I continued to post news and opinion pieces from Biobased Diesel Daily on my Facebook page, and things seemed to be going well amid my soft-launch period. Then, one day, I went to post another article and I received a message from Facebook that I had "violated" its "community standards" and, as a result, it had locked my account. What? The last article I recall posting, in fact the last thing I remember doing at all, on my Facebook account was distributing this.
To digress, but in order to provide some important context, I get my world and U.S. news from both "liberal" and "conservative" sources. In today's polarized climate, many I talk with consider this to be a bad thing, which I find sad. Since when is getting both sides of an issue a bad thing? Apparently it has become so in the past four years.
In any event, news outlets from both sides have covered "de-platforming" and flagging or censoring of posts on social media. One side skews it as protecting the public from "disinformation," while the other side skews it as "censorship" by "big tech" and the "liberal media." Conservatives suggest the liberal-leaning big tech companies suppress and censor stories that do not fit within its narrative.
One thing we know progressives are pushing aggressively is electrification as means to combat climate change. It is at this intersection of progressives and an agenda to pursue electrification of everything―planes, trains and automobiles, so to speak (as well as homes and businesses)―with biofuel proponents who also believe climate change is real and that their products offer a solution today and tomorrow, where we may find problems and conflicts arising. A nexus at which political philosophies become less black and white, and more gray.
But in today's hyper-partisan climate, can there be any gray? Are we still allowed to appreciate some positions by liberals and others by conservatives? I remember when people prided themselves on being "independent" and not being bound to one political party and its platform, or the other. It seems like this is much less of a possibility today.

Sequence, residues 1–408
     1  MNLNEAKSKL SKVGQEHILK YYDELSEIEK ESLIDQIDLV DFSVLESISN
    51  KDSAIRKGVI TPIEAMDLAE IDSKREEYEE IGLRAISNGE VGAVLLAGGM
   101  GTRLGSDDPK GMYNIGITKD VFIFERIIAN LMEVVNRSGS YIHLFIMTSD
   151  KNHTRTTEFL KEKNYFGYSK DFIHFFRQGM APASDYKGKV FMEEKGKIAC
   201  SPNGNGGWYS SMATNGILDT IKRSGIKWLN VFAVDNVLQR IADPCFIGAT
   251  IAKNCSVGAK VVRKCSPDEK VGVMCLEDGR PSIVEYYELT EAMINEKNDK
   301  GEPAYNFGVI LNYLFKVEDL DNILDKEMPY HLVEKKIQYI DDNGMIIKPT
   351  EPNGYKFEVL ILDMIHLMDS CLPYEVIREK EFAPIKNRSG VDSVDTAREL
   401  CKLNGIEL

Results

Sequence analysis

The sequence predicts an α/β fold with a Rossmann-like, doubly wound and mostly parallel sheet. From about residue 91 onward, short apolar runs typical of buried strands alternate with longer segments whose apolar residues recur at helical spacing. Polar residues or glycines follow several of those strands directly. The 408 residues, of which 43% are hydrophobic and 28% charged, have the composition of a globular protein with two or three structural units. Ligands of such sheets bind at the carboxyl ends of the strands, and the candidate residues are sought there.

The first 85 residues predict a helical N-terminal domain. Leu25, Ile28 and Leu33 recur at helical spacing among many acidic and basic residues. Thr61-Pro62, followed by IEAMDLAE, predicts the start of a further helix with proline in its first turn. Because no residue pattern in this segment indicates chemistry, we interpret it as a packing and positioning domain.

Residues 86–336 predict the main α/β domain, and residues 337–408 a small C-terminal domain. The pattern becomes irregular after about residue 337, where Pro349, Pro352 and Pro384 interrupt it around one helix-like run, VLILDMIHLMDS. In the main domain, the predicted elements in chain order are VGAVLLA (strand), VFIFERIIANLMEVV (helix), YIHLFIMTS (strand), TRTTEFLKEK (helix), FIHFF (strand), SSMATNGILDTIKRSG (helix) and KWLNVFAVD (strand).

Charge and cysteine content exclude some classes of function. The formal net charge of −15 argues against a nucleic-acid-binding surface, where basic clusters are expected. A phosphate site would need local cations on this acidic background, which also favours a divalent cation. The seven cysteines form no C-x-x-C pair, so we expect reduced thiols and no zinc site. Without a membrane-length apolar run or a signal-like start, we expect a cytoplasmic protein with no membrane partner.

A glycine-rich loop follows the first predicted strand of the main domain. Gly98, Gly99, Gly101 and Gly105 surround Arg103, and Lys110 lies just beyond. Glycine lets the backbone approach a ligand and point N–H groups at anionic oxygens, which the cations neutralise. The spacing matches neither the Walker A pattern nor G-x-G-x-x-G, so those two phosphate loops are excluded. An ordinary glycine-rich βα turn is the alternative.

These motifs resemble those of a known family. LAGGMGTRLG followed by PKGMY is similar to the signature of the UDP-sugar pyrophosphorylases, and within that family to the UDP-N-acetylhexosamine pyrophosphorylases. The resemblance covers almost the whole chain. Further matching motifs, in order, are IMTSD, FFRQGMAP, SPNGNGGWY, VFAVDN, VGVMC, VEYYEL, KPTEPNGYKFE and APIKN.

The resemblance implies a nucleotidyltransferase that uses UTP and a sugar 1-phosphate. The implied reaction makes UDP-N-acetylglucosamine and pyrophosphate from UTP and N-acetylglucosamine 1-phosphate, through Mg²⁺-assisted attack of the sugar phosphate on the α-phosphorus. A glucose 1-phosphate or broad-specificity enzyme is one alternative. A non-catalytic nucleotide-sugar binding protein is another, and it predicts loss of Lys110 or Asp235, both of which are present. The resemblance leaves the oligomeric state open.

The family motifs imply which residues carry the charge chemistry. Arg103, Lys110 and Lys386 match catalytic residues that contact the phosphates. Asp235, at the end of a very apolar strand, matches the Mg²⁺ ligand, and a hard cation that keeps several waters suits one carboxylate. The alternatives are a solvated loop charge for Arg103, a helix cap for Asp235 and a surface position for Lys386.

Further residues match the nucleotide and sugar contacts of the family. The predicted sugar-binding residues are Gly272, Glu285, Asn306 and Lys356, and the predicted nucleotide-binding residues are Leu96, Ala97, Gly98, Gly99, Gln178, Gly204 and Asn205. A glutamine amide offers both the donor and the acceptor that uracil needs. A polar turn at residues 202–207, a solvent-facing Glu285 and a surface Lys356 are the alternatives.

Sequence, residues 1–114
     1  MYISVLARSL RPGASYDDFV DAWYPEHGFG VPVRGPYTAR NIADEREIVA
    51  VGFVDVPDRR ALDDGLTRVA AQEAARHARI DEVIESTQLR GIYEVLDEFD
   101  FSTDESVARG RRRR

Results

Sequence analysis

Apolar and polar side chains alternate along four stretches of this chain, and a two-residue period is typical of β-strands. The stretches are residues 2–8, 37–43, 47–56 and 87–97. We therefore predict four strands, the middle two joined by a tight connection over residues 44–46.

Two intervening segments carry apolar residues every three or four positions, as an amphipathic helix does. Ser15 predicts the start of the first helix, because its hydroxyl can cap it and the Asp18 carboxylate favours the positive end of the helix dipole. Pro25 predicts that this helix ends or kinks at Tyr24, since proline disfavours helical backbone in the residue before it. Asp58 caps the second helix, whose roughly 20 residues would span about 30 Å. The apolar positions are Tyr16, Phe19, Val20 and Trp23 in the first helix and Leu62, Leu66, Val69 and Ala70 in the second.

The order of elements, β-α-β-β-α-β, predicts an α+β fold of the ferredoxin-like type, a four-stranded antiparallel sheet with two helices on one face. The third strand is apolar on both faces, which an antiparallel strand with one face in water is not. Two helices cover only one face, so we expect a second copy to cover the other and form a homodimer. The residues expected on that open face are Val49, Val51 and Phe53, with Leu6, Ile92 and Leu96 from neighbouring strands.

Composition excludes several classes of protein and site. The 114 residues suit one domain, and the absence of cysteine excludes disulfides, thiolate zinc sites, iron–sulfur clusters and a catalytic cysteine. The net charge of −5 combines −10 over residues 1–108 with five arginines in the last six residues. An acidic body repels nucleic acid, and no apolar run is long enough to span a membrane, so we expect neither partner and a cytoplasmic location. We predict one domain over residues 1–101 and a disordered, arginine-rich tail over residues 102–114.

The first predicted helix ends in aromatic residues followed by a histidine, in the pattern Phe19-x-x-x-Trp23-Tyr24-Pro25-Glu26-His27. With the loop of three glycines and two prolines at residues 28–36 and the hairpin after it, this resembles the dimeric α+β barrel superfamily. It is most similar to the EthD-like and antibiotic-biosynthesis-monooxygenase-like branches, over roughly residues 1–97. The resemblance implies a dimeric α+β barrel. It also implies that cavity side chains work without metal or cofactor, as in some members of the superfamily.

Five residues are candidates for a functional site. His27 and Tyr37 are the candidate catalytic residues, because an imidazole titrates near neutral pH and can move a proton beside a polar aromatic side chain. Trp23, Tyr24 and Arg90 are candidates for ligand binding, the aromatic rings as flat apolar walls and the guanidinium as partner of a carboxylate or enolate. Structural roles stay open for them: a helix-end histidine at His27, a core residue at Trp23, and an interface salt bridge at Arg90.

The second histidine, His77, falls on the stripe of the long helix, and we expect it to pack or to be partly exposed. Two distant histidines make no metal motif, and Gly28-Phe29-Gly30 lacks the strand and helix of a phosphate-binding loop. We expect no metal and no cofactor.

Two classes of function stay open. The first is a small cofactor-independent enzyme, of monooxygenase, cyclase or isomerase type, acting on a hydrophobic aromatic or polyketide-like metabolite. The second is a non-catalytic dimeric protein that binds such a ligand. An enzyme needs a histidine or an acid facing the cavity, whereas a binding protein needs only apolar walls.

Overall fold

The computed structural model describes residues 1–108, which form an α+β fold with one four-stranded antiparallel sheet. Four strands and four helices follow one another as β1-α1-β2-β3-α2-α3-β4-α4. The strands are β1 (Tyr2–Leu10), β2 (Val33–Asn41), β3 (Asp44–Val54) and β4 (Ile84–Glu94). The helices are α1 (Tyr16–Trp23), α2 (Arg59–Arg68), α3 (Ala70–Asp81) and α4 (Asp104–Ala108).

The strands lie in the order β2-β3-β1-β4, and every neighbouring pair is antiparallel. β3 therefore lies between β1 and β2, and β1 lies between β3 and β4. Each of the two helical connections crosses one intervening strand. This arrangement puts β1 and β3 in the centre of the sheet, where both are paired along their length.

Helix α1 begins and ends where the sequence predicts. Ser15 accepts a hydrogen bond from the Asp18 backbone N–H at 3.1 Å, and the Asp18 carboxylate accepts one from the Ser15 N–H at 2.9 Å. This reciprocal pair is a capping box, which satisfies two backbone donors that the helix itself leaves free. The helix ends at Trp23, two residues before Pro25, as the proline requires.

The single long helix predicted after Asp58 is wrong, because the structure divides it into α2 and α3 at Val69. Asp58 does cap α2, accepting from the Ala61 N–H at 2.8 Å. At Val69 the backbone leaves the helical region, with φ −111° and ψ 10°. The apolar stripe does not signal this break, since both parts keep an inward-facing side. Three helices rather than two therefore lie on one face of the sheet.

In that article that I posted, I simply retold the positions of the Iowan biofuel groups ahead of the election. I also shared that, "according to the U.S. Energy Information Administration, more than 60 percent of U.S. electricity came from fossil fuels in 2019, including 38 percent from natural gas and 23 percent from coal. Only 17 percent of U.S. electricity in 2019 was derived from renewables. Globally, coal-fired power plants provided nearly 40 percent of all electricity in 2018."
Could this article have been why my Facebook account was locked? I don't know. I would hope not. Maybe it was a technical issue. Or maybe not. I am still searching for answers.
Oddly enough, I am still getting notifications on my phone. And when I try to log into Facebook on my phone and PC, I continue to get this maddening loop of needing to enter a code, clicking the button to resend it to my email, never receiving it, and never being able to access my account. Somewhere in cyberspace there is likely hundreds of expired codes. None of this makes sense to me. Maybe this is why I should have stuck to my guns and never opened a Facebook account to begin with.
It seems impossible to get anyone on the phone, or even find an email address for anyone at virtually any of the big tech companies. Sometimes I wonder if real people even work there, or if it's just a bunch of machines. I do understand there is a "review" possibility as recourse. But I haven't had much desire to start it yet. To my friends and family on Facebook with whom I just recently connected, sorry I have been out of touch!